Understanding Base URL

I’ve been using GitHub Pages quite a bit these days. In fact this blog is running off on GitHub Pages. I really like it as a platform.

Part of using GitHub Pages is understanding the ins and outs of Jekyll and what limitations are placed on it in the context of running on GitHub Pages.

One thing that has been kind of a pain in the ass has been the URL structure of project pages. See if you create a repository named username.github.com (mine is andrewshell.github.com) it will create that domain for you. All other project sites are then put under username.github.com/projectname which starts to mess things up.

See when you’re creating a site in Jekyll you’re probably running it locally. You run jekyll --server and then you can go to localhost:4000 and you see a local copy of your website running.

The problems are with the URLs. Normally when I build a site, URLs are based from the root so linking to this page would be /understanding-baseurl/ and my CSS file would be /css/style.css. However, if my site is a project page, it’s in a subdirectory /projectname/ and the URLs are linking outside of the project site. So instead of going to /projectname/page.html you get /page.html which is wrong.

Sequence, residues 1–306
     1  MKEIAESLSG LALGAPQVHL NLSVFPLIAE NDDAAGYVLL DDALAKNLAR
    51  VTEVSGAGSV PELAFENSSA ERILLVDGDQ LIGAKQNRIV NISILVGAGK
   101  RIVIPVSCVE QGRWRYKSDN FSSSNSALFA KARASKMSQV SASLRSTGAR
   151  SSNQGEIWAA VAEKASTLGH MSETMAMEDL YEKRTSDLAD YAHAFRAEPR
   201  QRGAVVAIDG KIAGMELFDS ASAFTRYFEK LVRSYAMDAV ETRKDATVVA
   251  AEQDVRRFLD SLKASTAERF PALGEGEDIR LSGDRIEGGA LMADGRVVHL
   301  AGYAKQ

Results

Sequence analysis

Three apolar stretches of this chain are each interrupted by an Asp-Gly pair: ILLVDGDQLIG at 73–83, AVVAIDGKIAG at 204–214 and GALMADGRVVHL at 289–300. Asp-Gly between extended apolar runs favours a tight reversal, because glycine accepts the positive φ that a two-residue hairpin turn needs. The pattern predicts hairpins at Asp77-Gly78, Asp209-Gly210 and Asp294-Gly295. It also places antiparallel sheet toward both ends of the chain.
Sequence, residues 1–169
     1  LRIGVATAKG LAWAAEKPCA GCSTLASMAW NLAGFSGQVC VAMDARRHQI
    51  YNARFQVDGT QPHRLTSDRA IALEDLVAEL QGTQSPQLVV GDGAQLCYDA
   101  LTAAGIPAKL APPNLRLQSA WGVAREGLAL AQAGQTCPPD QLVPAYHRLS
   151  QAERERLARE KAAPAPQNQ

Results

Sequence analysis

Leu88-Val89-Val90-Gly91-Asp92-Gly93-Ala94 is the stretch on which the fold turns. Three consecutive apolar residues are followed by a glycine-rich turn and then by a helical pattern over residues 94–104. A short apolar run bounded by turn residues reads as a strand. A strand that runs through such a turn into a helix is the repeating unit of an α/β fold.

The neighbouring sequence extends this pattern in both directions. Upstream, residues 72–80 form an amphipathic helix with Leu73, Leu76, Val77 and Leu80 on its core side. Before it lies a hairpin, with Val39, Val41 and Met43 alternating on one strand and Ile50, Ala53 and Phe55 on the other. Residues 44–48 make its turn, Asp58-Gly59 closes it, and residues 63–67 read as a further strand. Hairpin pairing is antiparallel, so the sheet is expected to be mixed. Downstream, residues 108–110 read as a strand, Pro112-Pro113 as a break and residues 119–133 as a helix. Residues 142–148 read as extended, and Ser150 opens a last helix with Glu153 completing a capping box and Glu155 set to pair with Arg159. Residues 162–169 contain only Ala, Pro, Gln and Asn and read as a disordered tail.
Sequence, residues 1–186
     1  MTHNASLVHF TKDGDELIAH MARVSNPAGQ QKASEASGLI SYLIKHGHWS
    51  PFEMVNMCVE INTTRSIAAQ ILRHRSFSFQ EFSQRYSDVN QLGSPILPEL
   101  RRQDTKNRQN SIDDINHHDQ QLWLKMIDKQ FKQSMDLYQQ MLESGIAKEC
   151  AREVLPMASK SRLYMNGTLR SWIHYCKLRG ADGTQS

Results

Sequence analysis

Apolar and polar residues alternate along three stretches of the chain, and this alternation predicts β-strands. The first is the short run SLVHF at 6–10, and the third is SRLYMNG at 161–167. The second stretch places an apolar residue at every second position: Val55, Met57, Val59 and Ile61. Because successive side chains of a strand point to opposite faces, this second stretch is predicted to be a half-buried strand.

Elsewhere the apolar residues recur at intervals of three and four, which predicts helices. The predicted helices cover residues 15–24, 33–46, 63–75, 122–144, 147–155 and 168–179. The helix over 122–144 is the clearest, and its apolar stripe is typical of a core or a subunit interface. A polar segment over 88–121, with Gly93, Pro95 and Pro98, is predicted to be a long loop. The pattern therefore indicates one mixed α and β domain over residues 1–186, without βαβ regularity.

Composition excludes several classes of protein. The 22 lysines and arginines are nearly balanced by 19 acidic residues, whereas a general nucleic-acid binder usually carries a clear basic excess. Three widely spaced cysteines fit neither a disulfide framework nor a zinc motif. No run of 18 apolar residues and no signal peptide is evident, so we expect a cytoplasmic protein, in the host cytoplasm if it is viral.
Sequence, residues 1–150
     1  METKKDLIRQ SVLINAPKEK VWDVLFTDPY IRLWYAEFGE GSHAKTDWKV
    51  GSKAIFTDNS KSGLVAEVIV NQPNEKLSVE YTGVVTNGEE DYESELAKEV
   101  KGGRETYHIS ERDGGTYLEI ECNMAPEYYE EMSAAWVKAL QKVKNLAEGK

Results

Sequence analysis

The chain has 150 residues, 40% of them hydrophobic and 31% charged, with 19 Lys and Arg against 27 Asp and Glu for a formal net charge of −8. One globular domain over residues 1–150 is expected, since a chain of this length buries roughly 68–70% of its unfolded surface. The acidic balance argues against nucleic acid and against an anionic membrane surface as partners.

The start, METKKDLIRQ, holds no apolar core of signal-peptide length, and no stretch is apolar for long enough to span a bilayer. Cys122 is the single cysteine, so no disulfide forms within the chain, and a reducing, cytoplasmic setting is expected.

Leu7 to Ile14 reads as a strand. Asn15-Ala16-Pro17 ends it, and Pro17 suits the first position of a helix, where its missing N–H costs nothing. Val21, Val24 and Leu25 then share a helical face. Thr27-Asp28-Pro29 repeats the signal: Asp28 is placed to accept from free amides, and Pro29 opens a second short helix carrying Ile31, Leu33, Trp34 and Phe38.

Googling for a solution doesn’t give a clear answer as to what you’re supposed to do so today I sat down and figured it out. The result is a new repository on GitHub that also happens to be a project page.

If you’re interested in learning about my solution please head over to https://github.com/andrewshell/baseurltest or the live project page at https://blog.andrewshell.org/baseurltest/.

UPDATE: This site is no longer on GitHub Pages and therefore the live project page is no longer available.

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